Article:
Victoria’s Secret Model Compares Suffering Prejudice To Her ‘Struggle’ To Maintain Her HIGHLIGHTS

The real question: what is the greater struggle, maintaining her highlights or not being an insufferable ass?

For Victoria’s Secret model, Devon Windsor, 24, it’s a toss-up.

Windsor is one of the models featured in a new reality show about the fashion industry, Model Squad. The show is already stirring up controversy after just a handful of episodes, thanks to a couple of cavalier comments by Windsor. Her controversial statements were made as the models were filming an episode which will air on E! this weekend.

In a clip, several models of various visible minority backgrounds are discussing diversity and their difficulties that they face when there are demands for a particular standard of beauty in the modeling industry. One model says that some black girls would miss the shows in Milan because ‘they don’t want girls of that color.

Trending: Hey CNN: Courts Ruled Hillary Has To Answer These Questions Under Oath… Is That News?

Chinese-born model, Ping Hue, said to Windsor that the discussion must be really hard for a blonde supermodel to relate to.

Windsor disagreed. She then tells tales of her ‘hardships’ in the industry. She discusses how she ‘literally’ went through hell and ‘literally’ lived in like, a different country every other month, and like, couldn’t even speak the languages. She didn’t speak ‘Paris’ or Italian, but she did that for, like, two years.

Hue said to Windsor, ‘I don’t think that you can relate to the turmoils of being different.’

But Windsor already had an answer to that… it’s hard to be blonde.

The other models were dumbfounded because they had ‘literally’ found the dumb right there in front of them.

Victoria’s Secret star Devon Windsor, 24, compared the hardship of keeping up her highlights to the discrimination faced by women of colour in the fashion industry.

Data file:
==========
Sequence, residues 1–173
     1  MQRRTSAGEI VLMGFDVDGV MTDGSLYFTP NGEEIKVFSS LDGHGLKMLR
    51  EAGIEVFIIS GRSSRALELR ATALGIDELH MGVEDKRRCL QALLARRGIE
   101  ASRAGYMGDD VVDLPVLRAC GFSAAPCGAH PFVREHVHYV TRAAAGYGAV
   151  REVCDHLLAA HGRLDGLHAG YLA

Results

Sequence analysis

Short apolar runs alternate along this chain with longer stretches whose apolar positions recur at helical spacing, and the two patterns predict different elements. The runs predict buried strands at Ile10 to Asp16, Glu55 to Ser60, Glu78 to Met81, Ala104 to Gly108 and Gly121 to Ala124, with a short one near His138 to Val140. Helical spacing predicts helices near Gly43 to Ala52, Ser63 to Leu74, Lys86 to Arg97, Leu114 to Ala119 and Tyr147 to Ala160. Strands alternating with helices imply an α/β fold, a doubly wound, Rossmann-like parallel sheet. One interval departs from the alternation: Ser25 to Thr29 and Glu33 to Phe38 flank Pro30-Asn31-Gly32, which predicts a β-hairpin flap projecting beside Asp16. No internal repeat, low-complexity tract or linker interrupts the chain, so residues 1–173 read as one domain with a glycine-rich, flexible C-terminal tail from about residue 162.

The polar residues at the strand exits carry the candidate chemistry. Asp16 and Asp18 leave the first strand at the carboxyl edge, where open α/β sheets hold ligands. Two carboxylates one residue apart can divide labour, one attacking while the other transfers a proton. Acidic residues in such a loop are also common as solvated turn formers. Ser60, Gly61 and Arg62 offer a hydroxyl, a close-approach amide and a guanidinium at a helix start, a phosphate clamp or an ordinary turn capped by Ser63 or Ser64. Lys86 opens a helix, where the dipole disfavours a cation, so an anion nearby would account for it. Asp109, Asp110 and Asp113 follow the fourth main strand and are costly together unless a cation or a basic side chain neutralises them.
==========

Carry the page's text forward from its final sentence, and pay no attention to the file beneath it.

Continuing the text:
She made the comment after fellow model Shanina Shaik, whose mother is of Lithuanian descent and father is half Pakistani, half Arab, told how she had been bullied over her skin colour.

Source: Daily Mail

Windsor said, ‘You know how hard it is to be blonde? I have to get a highlight every month! Do you know how expensive that is?’  

Well, that was a completely tone-deaf moment.

Hue responded, ‘Oh my God, small violin.’

Watch:

Way to perpetuate that stereotype about blondes being dumb, Devon.

After social media exploded with condemnation, Windsor apologized on Twitter issuing a statement that said:

‘I want to apologize for what I said. It goes without saying, that the comments on the show are incredibly insensitive. The majority of the conversation was edited and if a peer of mine wanted to discuss such a serious subject, I would never follow it with a joke. I have an immense amount of respect for my peers. I know the struggle of diversity and inclusion in my business as well as in so many others is not one to take lightly. I made a comment in jest to infuse levity and I feel terrible that I have hurt others. I’m even more disappointed that my comments could lead anyont to belive that I have a prejudicial bias. I respect, honor and admire all of those breaking barriers and working to forge a new and inclusive community both in and outside of the modeling industry. I hope that I can continue to learn from hters, I am always trying to be a better version of myself!’

Wow.

Windsor now claims that her statement was a poorly timed joke while simultaneously saying that she would never joke in that situation.

Maybe it’s all those chemicals used in her monthly highlights that are causing her to be so incredibly insensitive.

Nah, that just gives her an out.

Maybe she’s just one of those self-centered models that can’t see past her own reflection.

Not all models are that way, and perhaps as she matures, Windsor will realize that not everything is about her.

Let’s hope that this embarrassing moment was a wake-up call.

ClashDaily.com’s, Editor-In-Chief, Doug Giles how-to book:

Raising Righteous & Rowdy Girls

In ‘Raising Righteous and Rowdy Girls’, Doug Giles reinforces the notion that little women don’t need to be pampered by their fathers to turn out right. And having met his beautiful daughters, I know his philosophy works. As a strong-willed woman who thinks her daddy is the greatest guy in the world, I can tell you this is a must-read for every man who hopes to earn the same title. —-S.E. Cupp Best Selling Author & Fox News Analyst

ClashDaily's Associate Editor since August 2016. Self-described political junkie, anti-feminist, and a nightmare to the 'intersectional' crowd. Mrs. Walker has taken a stand against 'white privilege' education in public schools. She's also an amateur Playwright, occasional Drama teacher, and staunch defender of the Oxford comma. Follow her humble musings on Twitter: @TheMrsKnowItAll

 

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